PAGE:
'We're Running Out Of Time': California Lawmakers Lead Effort To Extend Census Deadlines
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By Hansi Lo Wang | NPR
A group of House Democrats introduced a bill Wednesday that would push back major deadlines for the 2020 census as requested by the U.S. Census Bureau because of the coronavirus pandemic.
While the bureau has collected responses from some 89 million households so far, primarily online, officials at the bureau say they will not be able to deliver to the president by the end of this year the latest state population numbers used to redistribute congressional seats and Electoral College votes among the states as required by federal law.
"We have passed the point where we could even meet the current legislative requirement of Dec. 31. We can't do that anymore," Tim Olson, the head of field operations for this year's national head count, said Tuesday during a webinar organized by the National Congress of American Indians. "We're hopeful Congress will take action."
Last month, bureau officials told members of the U.S. Congress they also need more time to prepare the detailed census data currently due to state redistricting officials by March 31, 2021.
Four-month deadline extensions were included in the latest coronavirus relief package the House passed earlier this month.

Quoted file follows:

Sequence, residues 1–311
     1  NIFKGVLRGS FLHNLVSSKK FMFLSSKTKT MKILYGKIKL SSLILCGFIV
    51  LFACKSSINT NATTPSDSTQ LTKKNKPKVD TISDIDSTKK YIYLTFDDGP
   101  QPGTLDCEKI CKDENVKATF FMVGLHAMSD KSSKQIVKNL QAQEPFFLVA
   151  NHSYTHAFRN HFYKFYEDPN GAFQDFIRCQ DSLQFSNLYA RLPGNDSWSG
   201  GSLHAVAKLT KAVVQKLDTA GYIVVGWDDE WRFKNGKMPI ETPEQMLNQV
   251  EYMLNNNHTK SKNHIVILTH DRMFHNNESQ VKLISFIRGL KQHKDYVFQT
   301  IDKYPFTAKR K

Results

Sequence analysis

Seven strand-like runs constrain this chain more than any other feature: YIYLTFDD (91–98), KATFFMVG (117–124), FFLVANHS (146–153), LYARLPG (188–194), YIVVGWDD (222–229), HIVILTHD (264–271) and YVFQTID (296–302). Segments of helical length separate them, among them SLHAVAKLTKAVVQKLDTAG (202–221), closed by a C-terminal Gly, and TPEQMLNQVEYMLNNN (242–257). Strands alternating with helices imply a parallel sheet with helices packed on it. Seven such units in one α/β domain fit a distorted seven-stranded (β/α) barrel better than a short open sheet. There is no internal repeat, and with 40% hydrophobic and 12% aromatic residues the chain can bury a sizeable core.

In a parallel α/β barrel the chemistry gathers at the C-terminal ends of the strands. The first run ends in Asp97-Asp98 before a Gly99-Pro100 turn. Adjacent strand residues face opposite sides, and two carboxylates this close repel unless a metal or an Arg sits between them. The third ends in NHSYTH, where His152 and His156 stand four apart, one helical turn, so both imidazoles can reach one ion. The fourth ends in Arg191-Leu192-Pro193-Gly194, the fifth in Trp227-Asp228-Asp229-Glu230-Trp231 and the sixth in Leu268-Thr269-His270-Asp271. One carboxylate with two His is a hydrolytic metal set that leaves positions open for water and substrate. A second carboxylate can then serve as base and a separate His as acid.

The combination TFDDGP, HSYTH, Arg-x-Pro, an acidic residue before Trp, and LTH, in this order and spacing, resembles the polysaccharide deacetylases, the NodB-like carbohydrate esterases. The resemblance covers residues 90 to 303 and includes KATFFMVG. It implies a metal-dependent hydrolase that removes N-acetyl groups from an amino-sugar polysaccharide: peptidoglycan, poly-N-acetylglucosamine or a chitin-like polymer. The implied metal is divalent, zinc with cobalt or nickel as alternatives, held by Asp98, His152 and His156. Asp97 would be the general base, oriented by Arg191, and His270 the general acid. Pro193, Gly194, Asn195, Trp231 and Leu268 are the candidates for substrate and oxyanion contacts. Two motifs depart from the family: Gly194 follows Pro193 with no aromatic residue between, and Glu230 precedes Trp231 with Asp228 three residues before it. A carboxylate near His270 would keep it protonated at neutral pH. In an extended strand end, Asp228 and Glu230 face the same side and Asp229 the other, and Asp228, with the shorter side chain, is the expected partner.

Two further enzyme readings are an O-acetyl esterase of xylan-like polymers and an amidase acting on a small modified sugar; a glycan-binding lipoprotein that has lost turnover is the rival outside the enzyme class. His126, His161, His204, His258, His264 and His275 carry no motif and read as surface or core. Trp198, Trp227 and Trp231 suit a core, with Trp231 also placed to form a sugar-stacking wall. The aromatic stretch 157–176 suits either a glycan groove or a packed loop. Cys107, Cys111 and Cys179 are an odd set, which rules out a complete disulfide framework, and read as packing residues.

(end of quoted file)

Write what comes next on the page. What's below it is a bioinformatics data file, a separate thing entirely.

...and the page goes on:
INTERACTIVE: The 2020 Census Questionnaire -- What's On It?
But with bipartisan talks between the Republican-led Senate and the Trump administration stalled, Rep. Jimmy Gomez, D-Calif., says he helped introduce the new House bill Wednesday to try to get clarity about the census timeline sooner.
Gomez tells NPR he's worried that negotiations over the next relief package could spill into late June or early July, and he has been "in conversations" with counterparts in the Senate to encourage the other side of Capitol Hill to introduce a similar bill.
"We're running out of time," Gomez said. "If we don't get our act together, the states are going to have some serious problems moving forward."
Tim Storey, executive director of the National Conference of State Legislatures, flagged the "conundrum" facing many states in a letter this week to Census Bureau Director Steven Dillingham.
"Census delays present serious hurdles for states constrained by state constitutional and statutory requirements for districting and elections," Storey wrote.
For now, the Census Bureau says it's planning to keep counting for the 2020 census through Oct. 31, although it has yet to announce any new plans for going door to door to complete the count in some American Indian tribal territories that remain on lockdown, or for counting people experiencing homelessness.
This week, a group of other Senate Democrats led by California's Diane Feinstein asked Dillingham to provide by June 2 a detailed explanation of the bureau's next steps for counting the homeless population.
As of Tuesday, the national self-response rate was a sliver of a percentage point away from the bureau's pre-pandemic benchmark of 60.5%. Bureau officials were hoping to reach that rate by the end of April before sending door knockers out to visit unresponsive homes that had been asked to fill out forms themselves but hadn't done so yet.
The coronavirus has forced the bureau to delay the start of that door knocking until Aug. 11. This month, the bureau started sending out census workers again to some rural areas, as well as communities in Puerto Rico, that have been waiting for months to have paper forms left outside their front doors.
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